Tailoring information to older colorectal cancer patients: Effects of using a web-based patient-directed tool|
|- candidate number||24504|
|- NTR Number||NTR5919|
|- ISRCTN||ISRCTN no longer applicable|
|- Date ISRCTN created|
|- date ISRCTN requested|
|- Date Registered NTR||18-jun-2016|
|- Secondary IDs||UVA 2013-6460 |
|- Public Title||Tailoring information to older colorectal cancer patients: Effects of using a web-based patient-directed tool|
|- Scientific Title||Tailoring information to older colorectal cancer patients: Effects of using a web-based patient-directed tool|
|- hypothesis||H1: Exposure to the Patient Navigator as compared to usual care will have a short-term positive effect on anxiety before the consultation (H1a), patient participation during consultation (H1b), anxiety directly after the consultation (H1c), evaluation of the communication (H1d) and information recall (H1e).
H2: Exposure to the Patient Navigator as compared to usual care will have an intermediate (4 weeks) and long term (3 months) positive effect on anxiety (H2a), communication evaluation (H2b) and information recall (H2c).
H3: The relationship between exposure to the Patient Navigator and recall of information is mediated by anxiety before and after the consultation (H3a), patient participation during consultation (H3b) and evaluation of the communication (H3c).
H4: Age and age-related differences in ability and motivation moderate the effects of exposure to a tailored website on information recall.
For the website evaluation, we will observe the patients' website usage. Therefore, the number of website visits and the number and kind of pages viewed will be logged. In addition website involvement and website satisfaction will be measured. The following research questions are posed to evaluate website usage, website involvement and website satisfaction, and the relationship with patient participation during consultation:
RQ1: What are the differences between younger (< 70) and older (> 70) cancer patients in website usage, website involvement and website satisfaction?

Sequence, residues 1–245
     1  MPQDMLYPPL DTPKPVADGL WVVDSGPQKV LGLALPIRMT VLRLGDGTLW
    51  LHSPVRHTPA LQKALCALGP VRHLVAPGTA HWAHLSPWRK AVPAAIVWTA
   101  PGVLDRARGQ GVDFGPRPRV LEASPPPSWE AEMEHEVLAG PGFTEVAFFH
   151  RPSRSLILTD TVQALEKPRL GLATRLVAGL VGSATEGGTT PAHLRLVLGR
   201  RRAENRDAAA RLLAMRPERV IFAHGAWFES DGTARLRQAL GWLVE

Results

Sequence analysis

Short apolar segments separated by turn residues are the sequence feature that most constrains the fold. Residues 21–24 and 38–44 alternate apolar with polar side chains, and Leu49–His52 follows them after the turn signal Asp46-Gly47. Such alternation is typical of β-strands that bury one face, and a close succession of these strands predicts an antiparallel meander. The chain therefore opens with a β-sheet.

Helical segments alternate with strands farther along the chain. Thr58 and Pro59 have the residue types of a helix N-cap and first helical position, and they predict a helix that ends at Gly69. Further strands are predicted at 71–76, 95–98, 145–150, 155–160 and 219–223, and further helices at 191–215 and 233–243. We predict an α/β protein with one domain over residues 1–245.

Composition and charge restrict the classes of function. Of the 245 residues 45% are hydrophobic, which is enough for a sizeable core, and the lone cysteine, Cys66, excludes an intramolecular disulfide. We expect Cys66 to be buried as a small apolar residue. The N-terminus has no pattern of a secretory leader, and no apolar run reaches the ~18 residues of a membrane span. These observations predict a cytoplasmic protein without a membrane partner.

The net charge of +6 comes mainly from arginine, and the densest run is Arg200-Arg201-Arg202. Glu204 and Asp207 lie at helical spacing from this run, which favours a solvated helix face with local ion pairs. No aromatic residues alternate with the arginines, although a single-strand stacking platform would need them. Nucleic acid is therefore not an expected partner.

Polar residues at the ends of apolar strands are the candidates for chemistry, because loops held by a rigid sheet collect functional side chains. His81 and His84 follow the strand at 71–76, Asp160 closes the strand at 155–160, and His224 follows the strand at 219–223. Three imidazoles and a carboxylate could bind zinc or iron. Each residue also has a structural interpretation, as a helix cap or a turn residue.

RQ2: What is the relationship between usage of the Patient Navigator to prepare for the consultation and patient participation during consultation?
RQ3: What is the effect of website usage on recall of information, and to what extent is this effect mediated by website involvement and website satisfaction?
|- Healt Condition(s) or Problem(s) studied||Cancer, Older adults, Patient-caregiver communication|
|- Inclusion criteria||a) written informed consent; b) newly diagnosed with colorectal cancer; c) sufficient command of the Dutch language; d) able to read; and e) no cognitive impairment (e.g. dementia) according to the medical record.|
|- Exclusion criteria||Patients who not fulfill the inclusion criteria are exluded. |
|- mec approval received||yes|
|- multicenter trial||yes|
|- Type||2 or more arms, non-randomized|
|- planned startdate ||1-mei-2014|
|- planned closingdate||31-aug-2020|
|- Target number of participants||240|
|- Interventions||Patients will be assigned to an experimental condition that receives the Patient Navigator in addition to usual care or to a control condition that receives usual care. Randomization takes place at hospital level, i.e. three hospitals will implement the Patient Navigator and three hospitals will serve as control condition hospitals and will implement the Patient Navigator after the study has finished. The Patient Navigator is a website for older colorectal cancer patients that is systematically developed in the first part of the OCA-2 study. The Patient Navigator offers tailored information about diagnostic tests, treatments and follow-up facilities (i.e., only content that is relevant for the specific patient is showed). Moreover, the Patient Navigator offers the possibility to upload audiotaped consultations and contains tools to help patients preparing for consultations (so called Question Prompt Lists; one with general questions that people can ask about every treatment, and 13 about specific tests or treatments). |